“We call upon the National Hockey League to immediately take action to address this conduct of racism and hate towards First Nations people, especially at this time toward Ethan.”

Several took to social media to show their support of Bear, including former players, journalists, broadcasters and politicians.

Former NHLer Andrew Ference, who captained the Oilers for two seasons before retiring, said hockey had no place for racist fans.

“Ethan Bear is a very good hockey player. Lift him up and he will be an integral part of any success the Oilers have in the future.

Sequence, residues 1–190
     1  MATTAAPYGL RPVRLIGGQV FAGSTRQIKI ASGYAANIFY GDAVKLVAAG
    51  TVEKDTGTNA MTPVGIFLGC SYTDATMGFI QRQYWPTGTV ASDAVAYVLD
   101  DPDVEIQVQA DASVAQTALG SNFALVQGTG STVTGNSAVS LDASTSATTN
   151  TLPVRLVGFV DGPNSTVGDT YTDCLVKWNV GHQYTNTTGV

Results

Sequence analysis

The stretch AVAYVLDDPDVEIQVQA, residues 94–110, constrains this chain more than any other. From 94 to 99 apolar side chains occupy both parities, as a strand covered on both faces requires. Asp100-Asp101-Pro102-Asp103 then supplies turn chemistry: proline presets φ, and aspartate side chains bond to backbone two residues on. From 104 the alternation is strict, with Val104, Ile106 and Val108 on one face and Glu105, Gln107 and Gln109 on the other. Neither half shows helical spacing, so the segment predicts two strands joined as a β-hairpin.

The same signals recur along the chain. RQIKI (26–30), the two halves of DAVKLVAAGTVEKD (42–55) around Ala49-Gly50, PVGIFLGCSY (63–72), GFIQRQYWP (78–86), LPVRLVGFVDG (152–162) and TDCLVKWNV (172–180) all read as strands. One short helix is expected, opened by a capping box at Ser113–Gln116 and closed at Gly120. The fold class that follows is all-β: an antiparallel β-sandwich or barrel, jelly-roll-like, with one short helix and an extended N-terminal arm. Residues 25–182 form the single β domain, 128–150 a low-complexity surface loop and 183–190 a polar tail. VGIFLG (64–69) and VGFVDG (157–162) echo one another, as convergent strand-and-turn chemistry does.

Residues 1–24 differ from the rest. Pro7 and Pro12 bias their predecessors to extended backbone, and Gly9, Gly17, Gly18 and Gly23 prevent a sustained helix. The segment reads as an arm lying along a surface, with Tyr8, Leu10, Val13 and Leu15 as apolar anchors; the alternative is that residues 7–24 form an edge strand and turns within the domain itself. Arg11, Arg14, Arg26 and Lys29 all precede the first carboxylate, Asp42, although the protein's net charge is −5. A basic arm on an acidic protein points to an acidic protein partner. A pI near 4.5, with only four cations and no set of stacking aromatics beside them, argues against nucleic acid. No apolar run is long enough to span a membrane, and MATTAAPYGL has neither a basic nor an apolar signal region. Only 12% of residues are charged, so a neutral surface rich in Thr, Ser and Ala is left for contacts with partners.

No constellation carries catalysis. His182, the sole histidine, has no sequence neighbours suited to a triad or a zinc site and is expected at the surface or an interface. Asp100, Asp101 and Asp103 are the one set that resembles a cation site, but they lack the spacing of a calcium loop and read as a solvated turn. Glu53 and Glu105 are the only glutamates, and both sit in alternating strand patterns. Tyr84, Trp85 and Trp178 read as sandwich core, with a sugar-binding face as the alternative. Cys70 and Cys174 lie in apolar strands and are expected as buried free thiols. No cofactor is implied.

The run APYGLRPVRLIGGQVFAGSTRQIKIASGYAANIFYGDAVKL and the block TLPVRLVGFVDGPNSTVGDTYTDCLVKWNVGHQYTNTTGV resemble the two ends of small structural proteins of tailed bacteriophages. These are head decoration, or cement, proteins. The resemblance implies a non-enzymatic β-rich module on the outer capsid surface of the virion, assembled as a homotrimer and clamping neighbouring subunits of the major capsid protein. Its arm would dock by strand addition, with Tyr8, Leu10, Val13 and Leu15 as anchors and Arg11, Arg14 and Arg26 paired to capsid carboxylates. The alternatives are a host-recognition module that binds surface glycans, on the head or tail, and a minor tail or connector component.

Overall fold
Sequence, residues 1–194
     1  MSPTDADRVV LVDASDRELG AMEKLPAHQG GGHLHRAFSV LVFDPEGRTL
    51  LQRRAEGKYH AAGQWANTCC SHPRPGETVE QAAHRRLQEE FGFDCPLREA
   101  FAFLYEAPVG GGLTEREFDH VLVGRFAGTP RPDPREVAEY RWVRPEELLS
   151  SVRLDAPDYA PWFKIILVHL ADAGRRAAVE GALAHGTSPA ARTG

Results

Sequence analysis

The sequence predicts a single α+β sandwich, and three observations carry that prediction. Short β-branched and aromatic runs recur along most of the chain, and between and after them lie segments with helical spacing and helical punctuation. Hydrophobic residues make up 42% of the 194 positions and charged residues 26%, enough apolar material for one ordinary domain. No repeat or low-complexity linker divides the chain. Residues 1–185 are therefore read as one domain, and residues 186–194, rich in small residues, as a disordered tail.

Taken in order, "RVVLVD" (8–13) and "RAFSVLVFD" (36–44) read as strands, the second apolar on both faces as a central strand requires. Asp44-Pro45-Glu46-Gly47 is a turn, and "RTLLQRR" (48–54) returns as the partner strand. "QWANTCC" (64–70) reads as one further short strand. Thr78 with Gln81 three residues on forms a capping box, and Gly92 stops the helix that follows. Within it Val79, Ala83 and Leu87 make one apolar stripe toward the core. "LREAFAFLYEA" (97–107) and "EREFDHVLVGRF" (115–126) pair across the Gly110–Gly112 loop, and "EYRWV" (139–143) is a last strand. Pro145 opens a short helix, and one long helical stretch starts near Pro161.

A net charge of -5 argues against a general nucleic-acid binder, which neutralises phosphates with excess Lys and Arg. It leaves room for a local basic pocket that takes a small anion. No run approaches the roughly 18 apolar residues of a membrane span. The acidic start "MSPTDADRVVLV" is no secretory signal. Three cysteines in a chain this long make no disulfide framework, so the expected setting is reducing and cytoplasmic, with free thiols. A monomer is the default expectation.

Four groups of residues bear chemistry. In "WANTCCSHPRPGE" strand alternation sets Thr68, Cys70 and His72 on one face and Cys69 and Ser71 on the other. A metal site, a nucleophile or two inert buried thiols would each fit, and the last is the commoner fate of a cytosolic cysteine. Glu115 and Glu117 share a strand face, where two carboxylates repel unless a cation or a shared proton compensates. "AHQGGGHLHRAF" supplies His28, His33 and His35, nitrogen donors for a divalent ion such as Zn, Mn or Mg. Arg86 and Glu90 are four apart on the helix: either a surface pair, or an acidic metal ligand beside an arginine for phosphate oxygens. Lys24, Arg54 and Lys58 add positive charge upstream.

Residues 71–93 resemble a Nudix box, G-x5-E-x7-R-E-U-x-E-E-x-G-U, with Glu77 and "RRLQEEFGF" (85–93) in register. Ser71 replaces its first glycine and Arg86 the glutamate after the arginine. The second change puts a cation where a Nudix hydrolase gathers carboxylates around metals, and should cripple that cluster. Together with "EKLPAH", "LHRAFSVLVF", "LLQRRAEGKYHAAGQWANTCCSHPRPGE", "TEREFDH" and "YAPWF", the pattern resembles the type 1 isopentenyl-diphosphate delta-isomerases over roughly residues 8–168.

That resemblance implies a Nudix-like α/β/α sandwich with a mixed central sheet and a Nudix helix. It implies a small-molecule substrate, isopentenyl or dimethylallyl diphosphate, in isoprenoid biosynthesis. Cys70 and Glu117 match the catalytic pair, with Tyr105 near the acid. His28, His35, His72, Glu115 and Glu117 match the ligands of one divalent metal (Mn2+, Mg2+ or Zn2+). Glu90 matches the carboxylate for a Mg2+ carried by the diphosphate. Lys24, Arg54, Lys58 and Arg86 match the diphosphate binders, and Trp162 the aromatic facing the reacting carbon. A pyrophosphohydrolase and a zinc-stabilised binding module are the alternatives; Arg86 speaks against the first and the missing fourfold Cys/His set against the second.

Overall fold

“More importantly, Ethan Bear is an incredible human. If you’re sending racist remarks his way, you’re just a [expletive]. Hockey doesn’t want you.”

Alberta NDP Leader Rachel Notley also expressed her support of Bear.

“Ethan Bear, you’re an amazing athlete and ambassador for our community,” she tweeted. “You played so hard for the Oilers this year and have inspired so many youngsters. There is no place for racism in Edmonton. We must all be anti-racist.”

CityNews reached out to the Jets organization regarding the comments. True North Sports + Entertainment, the owner of the Jets, directed us back to a statement issued Thursday regarding racism in general, in which they said the murder of George Floyd was a “tragedy” and a “seminal moment in history that significantly raised awareness for issues of racism, social justice, diversity, and equity.”

–with files from The Canadian Press